Kong count #3 – King Kong (1976)

Given the rushed nature of the production (to beat Universal to the punch), I can forgive a lot of problematic aspects of the 1976 King Kong remake. Sure, there are no dinosaurs, and that cuts down the spectacle staggeringly, which is objectively the movie’s greatest sin. The modernizing twist of the expedition being a fossil-fuel survey, while interesting in theory, gets very confused (the CO2 isn’t from oil, it’s from animal respiration! Also, there is oil on the island after all. But we can’t use it so we’ll capture a gorilla using all of the tools an oil tanker has handy?). Dwan is a rube, and there’s no getting around that, even if her more sympathetic view of Kong informed later versions of Ann. Still, all of those things could be overlooked, but there’s one small thing in this movie that breaks it for me.

There’s a lot of stupid humor, including one throwaway line of comic relief that slaps the fourth wall, where Jack says something along the lines of “Who the hell do you think went through there, some guy in an ape suit?” This line could be forgiven in context of the movie, since we do see the natives dressed as gorillas earlier… but he doesn’t say “costume” or “mask”, he says “suit”, and that’s a direct dig at the film’s own suitmation, one of the few aspects (along with the music) that it *doesn’t* have to be ashamed of. This is particularly harsh considering the way the production went down.

Rick Baker’s Kong suit isn’t his best work, but it’s still pretty nice, and the best Kong had ever looked on screen at the time of production. Despite that, Dino De Laurentiis had little interest in giving Baker credit or opportunity, while granting all sorts of leeway to Carlo Rambaldi’s misguided attempt to build a giant mechanical Kong. The resulting robot looked like crap and only made it into the film for a few seconds (before eventually being left on a beach in Argentina), yet, to justify its exorbitant cost, De Laurentiis went around promoting it as though all of the effects were achieved through the robot. That year, it was Rambaldi who got the Academy Award for all of Baker’s work, in case you were looking for yet another reason to disrespect the Oscars in general.

So, that’s my personal Rubicon for the film. It’s my least favorite of the Kong films generally, flawed as it is, despite some nice effects, because they can’t quite make up for the fact that it’s simply less exciting, and has lots of cringe humor, including a joke that belittles those very special effects. What I can’t fault the movie for, though, is the enormous pop-culture footprint that it had…how many times has it been obliquely referenced in this series of blog posts as something was cashing in on its production? It honestly created a mini giant-monster boom at a time when the Japanese studios had lost interest, and there was even a nod to it in the US marketing for one of the most famous Godzilla flicks stateside:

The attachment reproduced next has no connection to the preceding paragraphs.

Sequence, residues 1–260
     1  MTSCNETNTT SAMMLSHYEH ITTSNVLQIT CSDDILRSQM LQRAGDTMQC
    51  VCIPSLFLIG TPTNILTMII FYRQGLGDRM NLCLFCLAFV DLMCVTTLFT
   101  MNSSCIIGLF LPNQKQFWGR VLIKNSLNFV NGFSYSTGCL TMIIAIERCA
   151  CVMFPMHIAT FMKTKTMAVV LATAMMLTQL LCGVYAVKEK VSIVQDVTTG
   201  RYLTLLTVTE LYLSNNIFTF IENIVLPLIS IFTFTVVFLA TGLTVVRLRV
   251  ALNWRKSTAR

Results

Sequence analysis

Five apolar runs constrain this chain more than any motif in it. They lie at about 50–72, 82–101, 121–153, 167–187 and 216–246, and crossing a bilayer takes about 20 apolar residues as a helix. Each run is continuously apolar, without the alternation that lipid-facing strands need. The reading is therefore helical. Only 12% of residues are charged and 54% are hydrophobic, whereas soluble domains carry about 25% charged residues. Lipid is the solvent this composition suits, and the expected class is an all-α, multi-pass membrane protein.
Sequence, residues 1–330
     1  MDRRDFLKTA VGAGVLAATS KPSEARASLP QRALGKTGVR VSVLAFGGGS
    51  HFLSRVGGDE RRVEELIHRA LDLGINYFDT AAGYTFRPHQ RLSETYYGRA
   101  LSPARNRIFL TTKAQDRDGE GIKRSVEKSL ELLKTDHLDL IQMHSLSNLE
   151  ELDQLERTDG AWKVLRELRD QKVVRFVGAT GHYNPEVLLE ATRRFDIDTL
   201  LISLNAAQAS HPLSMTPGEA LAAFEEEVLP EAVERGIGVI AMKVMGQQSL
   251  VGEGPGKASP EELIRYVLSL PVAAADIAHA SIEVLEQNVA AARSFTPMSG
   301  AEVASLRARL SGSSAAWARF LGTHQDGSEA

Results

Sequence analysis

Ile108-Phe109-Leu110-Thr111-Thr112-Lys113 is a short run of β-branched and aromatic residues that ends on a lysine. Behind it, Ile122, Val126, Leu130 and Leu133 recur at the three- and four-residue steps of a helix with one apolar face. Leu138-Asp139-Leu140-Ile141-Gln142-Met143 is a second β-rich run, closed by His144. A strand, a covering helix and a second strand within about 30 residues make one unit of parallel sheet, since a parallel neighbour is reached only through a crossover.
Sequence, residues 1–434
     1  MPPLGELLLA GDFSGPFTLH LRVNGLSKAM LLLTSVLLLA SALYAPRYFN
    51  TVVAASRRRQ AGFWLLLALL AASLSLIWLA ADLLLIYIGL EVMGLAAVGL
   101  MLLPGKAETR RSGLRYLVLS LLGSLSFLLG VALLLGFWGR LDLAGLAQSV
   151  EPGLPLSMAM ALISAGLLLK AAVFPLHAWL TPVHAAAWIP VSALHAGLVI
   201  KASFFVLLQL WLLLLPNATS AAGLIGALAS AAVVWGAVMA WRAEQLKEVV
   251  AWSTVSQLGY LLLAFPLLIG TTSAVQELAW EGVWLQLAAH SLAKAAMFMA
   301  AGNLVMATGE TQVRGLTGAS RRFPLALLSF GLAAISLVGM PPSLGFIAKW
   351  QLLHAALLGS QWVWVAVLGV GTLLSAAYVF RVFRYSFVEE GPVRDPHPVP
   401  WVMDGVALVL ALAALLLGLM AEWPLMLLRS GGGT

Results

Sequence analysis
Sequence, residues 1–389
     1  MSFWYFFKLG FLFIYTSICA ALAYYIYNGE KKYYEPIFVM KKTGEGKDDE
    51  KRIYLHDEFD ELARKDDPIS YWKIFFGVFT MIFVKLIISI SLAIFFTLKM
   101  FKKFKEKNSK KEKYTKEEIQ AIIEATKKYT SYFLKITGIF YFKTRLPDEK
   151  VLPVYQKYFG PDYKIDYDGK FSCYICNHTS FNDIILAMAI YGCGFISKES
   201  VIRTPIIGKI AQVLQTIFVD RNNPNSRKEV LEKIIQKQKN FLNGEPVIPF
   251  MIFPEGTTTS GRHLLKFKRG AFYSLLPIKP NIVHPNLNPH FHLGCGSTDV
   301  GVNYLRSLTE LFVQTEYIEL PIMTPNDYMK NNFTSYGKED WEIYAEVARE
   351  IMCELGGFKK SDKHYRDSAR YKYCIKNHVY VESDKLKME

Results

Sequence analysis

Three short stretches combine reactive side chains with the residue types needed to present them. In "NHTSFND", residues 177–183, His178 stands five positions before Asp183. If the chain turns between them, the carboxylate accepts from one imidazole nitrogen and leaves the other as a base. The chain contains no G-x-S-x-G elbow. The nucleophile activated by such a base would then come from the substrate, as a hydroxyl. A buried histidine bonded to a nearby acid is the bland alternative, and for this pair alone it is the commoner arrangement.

At least that poster doesn’t have the awkward sameface that Paramount doctored into their actual King Kong publicity materials.

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2 Responses to Kong count #3 – King Kong (1976)

  1. John Summers says:

    Thank you for another entry in this series. Yeah, I’m not really fond of this remake either. The stupid humor in it is a really odd choice and can sometimes feel more mean spirited than anything. Also, why was this version of Skull Island so barren of animal life. Outside of King Kong and a giant snake, I don’t think there was anything else in the movie.

    By the way, something very strange I noticed about the King Kong franchise in general, is that all of the officially licensed movies will have something else to pair it with, whether it be a sequel, another movie made by the same company, or an alternate cut of the movie.

    King Kong (1933) and Son of Kong
    King Kong vs Godzilla and King Kong Escapes
    King Kong (1976) and King Kong Lives
    Peter Jackson’s King Kong: the theatrical cut and extended version
    Kong: King of Atlantis and Kong Return to the Jungle
    Kong Skull Island and Godzilla vs Kong (It will take a couple of years, but will get here eventually)

    How do you think this franchise keeps lucking out in that all these movies have something else to pair it with?

    • kevnder says:

      Yeah, I noticed that, too. Possibly the effect of having a successful first film and not being able to recapture it with the sequel?

      Then there’s:
      King Kong Encounter and Kongfrontation
      Japanese King Kong and King Kong Appears in Edo
      Mighty Joe Young ’49 and Mighty Joe Young ’98

      That doubling makes for good review formats, though, as The Kaiju Transmissions podcast has been doing with their own countdown to the new film.

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